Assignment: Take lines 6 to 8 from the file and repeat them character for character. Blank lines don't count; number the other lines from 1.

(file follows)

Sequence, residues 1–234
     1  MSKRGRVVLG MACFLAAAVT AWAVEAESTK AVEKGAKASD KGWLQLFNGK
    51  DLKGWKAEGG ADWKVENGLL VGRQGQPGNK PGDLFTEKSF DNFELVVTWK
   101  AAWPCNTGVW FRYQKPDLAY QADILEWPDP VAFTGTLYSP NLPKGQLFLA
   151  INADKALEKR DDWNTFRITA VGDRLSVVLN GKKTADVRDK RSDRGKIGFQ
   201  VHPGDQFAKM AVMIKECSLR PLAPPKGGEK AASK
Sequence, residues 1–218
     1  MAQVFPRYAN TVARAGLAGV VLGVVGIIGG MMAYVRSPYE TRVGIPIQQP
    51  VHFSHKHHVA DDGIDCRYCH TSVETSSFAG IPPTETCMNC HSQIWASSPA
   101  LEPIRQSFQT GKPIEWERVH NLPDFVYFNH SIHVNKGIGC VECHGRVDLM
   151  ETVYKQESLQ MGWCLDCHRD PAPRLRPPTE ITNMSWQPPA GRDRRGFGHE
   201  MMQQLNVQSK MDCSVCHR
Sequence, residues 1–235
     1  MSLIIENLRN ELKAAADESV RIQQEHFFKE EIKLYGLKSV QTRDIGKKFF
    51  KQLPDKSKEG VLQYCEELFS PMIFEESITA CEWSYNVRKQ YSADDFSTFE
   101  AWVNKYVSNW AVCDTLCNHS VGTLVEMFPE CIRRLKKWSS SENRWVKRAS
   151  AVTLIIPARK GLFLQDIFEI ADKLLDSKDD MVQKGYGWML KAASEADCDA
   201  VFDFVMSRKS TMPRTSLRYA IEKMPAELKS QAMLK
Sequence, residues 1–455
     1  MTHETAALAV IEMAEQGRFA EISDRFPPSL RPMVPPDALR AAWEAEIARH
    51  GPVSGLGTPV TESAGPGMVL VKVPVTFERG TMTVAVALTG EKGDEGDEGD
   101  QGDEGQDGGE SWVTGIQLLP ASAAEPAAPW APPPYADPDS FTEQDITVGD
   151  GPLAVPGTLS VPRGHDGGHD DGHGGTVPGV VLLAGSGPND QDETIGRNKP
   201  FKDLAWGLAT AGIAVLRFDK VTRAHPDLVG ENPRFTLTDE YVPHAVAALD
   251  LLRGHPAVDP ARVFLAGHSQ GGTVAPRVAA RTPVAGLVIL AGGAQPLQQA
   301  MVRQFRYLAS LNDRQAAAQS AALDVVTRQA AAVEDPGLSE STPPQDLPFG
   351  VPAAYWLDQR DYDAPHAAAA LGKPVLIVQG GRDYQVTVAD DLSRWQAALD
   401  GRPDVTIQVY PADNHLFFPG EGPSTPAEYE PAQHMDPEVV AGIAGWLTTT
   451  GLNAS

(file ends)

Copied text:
   201  VHPGDQFAKM AVMIKECSLR PLAPPKGGEK AASK
Sequence, residues 1–218
     1  MAQVFPRYAN TVARAGLAGV VLGVVGIIGG MMAYVRSPYE TRVGIPIQQP